By any measure, there was a growing crisis of homelessness in New York City even before the impacts of a global pandemic reached our shores a year ago. While the most dependable and trusted sources of public health guidance began imploring us all to stay home, frequently wash our hands, and other seemingly plain instruction, thousands who spend their days and nights on city streets and subway platforms did not have those options. They still don’t.
In those early months of COVID-19, nonprofit organizations worked to scale up longstanding programs serving their unhoused neighbors to meet increased need and rising demand. This was done in ways that kept the people being served and those providing service safe from the risks of exposure. Local leaders within these organizations drew on their creativity, experience, and community partnerships to develop new methods of delivering millions of meals through food pantries and soup kitchens. They still are.
When free and publicly available bathrooms and showers shuttered across New York City, it required an international humanitarian organization with experience gained in conflict zones and refugee camps around the world to bring hygiene services to the Harlem and Hell’s Kitchen communities. With a shower trailer, portable sinks, hygiene products, staff and volunteers, hundreds of people surviving on the street were given access to a shower, hand washing, a shave, and a bit of dignity restored.
As the winter months began, it became clear that thousands still unsheltered lacked opportunities to simply warm their bodies, avoiding frostbite, hypothermia, even death. In any other winter, a network of houses of worship provides space, cots, and volunteers for overnight shelter. During the day, drop-in centers at full capacity, indoor soup kitchens, even time purchased through a cup of coffee at a fast-food restaurant are available. The subway system with its open benches becomes a place of refuge from the threat of weather even if other threats still exist.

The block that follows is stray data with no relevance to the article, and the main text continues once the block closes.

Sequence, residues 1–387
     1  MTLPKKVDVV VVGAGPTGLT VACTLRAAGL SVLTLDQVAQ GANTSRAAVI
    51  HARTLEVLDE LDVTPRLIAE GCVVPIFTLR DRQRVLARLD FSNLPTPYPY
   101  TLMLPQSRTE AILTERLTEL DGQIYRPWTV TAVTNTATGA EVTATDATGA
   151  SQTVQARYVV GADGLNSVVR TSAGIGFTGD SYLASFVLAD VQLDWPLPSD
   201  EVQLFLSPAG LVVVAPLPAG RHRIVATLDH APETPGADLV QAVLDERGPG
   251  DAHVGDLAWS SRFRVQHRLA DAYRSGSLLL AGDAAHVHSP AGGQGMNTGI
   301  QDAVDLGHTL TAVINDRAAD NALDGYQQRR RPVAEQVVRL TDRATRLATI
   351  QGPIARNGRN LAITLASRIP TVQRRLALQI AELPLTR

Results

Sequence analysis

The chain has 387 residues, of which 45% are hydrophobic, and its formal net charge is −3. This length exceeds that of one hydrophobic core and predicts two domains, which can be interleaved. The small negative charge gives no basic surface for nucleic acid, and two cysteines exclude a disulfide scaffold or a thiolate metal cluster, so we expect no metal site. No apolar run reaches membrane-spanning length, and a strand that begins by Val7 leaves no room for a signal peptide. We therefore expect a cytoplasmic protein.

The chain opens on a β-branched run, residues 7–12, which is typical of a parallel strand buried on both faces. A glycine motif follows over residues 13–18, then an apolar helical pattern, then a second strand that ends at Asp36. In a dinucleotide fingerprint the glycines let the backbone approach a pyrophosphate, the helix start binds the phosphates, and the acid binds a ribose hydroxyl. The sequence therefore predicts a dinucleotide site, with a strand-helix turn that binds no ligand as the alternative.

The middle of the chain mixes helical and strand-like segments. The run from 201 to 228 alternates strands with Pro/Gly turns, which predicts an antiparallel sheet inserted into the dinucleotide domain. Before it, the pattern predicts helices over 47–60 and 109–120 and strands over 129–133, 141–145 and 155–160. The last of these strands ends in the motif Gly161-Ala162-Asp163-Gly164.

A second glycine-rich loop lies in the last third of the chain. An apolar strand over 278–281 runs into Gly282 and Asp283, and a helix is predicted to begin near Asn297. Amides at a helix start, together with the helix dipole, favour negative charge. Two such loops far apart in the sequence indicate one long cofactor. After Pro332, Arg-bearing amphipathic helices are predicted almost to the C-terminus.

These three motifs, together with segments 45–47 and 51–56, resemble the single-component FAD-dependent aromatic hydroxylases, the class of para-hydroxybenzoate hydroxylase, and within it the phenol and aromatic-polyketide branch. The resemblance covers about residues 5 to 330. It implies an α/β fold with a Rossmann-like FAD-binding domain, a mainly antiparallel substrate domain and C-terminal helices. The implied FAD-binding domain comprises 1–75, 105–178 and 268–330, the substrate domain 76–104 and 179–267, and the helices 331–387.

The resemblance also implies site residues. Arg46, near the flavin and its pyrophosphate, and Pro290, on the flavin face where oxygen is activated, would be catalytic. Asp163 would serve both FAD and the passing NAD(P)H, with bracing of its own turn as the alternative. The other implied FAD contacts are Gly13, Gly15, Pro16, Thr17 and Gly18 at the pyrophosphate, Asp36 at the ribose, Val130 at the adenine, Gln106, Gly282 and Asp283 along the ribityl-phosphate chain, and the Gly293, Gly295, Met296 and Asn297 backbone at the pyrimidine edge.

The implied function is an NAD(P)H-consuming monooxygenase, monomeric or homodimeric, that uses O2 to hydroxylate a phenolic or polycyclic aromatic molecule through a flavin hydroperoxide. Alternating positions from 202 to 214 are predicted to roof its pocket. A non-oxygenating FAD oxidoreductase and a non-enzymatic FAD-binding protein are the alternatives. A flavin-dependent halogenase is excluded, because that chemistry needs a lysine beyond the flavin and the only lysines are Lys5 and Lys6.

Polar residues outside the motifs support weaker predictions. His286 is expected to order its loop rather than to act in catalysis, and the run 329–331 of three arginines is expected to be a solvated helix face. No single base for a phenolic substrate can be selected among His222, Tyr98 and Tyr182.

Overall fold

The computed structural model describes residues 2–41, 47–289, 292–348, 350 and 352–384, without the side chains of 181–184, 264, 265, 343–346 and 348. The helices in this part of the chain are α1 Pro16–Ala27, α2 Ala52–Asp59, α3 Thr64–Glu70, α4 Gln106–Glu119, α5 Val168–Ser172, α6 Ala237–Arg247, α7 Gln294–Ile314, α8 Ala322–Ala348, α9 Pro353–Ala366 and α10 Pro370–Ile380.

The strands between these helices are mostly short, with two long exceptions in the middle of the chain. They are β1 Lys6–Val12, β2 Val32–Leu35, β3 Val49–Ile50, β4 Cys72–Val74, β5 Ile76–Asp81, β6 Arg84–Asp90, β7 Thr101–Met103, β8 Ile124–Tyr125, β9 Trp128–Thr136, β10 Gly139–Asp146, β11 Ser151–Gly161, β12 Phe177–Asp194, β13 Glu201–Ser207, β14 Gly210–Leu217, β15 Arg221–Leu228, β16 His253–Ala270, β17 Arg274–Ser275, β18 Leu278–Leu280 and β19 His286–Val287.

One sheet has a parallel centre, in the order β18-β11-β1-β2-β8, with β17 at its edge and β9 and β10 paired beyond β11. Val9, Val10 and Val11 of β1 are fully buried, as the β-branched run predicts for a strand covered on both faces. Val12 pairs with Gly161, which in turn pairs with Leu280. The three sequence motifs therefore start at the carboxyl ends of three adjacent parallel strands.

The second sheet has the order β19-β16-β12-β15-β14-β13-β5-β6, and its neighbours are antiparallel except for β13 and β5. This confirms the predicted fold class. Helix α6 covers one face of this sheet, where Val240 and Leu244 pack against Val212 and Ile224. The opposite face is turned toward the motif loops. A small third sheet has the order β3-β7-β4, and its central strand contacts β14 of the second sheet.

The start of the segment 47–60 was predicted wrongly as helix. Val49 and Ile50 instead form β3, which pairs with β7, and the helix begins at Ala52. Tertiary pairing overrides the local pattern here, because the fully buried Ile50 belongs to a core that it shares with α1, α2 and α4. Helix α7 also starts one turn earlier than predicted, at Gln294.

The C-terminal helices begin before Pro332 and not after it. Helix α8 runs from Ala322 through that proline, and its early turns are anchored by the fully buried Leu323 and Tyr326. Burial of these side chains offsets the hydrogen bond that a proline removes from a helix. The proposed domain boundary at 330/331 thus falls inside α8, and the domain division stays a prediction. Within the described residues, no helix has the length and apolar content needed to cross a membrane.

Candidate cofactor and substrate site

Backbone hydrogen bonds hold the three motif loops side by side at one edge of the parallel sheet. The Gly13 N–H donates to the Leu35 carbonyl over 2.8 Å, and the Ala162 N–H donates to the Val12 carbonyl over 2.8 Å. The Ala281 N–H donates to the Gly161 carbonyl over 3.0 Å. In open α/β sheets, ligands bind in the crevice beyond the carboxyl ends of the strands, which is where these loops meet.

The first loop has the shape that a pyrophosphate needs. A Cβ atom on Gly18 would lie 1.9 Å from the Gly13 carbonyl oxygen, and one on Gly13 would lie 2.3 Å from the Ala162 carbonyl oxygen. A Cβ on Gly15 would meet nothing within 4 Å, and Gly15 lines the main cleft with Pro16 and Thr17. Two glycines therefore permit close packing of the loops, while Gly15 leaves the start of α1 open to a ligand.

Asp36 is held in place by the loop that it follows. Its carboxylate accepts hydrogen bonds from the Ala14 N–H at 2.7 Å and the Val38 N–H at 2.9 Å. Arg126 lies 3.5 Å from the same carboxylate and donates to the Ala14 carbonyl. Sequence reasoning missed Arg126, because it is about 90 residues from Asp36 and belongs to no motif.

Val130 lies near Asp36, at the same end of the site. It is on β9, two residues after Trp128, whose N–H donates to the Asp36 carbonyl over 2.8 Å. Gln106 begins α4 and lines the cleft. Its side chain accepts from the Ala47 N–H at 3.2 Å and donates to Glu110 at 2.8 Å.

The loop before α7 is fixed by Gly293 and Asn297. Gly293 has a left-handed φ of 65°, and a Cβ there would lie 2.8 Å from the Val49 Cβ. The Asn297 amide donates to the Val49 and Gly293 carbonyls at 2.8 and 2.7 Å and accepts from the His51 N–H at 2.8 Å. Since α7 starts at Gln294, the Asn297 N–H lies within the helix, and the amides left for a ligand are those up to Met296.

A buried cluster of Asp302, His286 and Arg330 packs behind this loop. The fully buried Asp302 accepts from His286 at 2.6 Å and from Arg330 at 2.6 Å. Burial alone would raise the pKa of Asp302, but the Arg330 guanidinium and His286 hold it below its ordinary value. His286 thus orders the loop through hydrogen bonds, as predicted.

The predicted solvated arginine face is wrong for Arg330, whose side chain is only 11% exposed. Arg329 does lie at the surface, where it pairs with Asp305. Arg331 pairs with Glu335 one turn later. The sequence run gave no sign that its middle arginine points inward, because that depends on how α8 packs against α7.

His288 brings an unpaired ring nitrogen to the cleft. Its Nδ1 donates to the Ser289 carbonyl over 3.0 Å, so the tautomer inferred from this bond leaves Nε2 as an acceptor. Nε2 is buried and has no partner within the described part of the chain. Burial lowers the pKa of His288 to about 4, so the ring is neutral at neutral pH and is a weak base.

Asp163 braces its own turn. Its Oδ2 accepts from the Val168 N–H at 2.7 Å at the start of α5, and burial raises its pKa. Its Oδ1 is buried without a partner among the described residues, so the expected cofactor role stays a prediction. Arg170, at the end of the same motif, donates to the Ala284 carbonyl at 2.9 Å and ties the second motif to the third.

Poverty is a slow-moving disaster, and homelessness one of its starkest consequences. It is not a storm that can change the life of a family overnight or even a wildfire that can devastate communities over a matter of weeks. It is a disaster of decades with its causes deeply rooted in the same racial inequities this pandemic made so visible.
When a wildfire, tornado, or hurricane plunge a community into crisis, a response is mounted to meet the needs of impacted communities. For years after the acute disaster, organizations backed by government, philanthropic, and private donor funding provide support to help survivors recover. Between disasters, hard work continues around preparedness and mitigation against the next crisis.
As we enter our second year of living with COVID-19, hopeful that vaccination efforts will turn us toward the solution to a public health crisis, we must be prepared to address this slow-moving disaster with the same urgency we would a major earthquake. As eviction moratoriums lift and new government benefits subside, we must be prepared for years of aftershocks compounding the homelessness crisis that existed before the outbreak of a novel coronavirus.
Long-term economic recovery will require a whole-community approach, more like historic efforts that followed the Great Depression than those after the touch down of a tornado. Homelessness cannot be left to a government agency, service organization, or advocacy group that knows the names of people on the street. Tackling it requires all sectors working together.
All people affected by disaster, regardless of speed or cause, have the right to receive assistance to ensure the basic conditions for a life with dignity. Providing that assistance requires partnership and sustained urgent action among nonprofit organizations, government agencies, corporations, donors, dedicated staff and volunteers, community members, and the very people they all hope to serve. In this way, a holistic path toward stability is possible for people surviving daily without the housing they so desperately need and deserve. Only then can we claim recovery for all of us.
Zack Hodgson is the Director of Emergency Services for The Salvation Army Greater New York Division. He is responsible for overseeing all emergency preparedness, response, recovery and mitigation efforts for the organization on Long Island, New York City, and the Lower Hudson Valley including its COVID-19 relief work.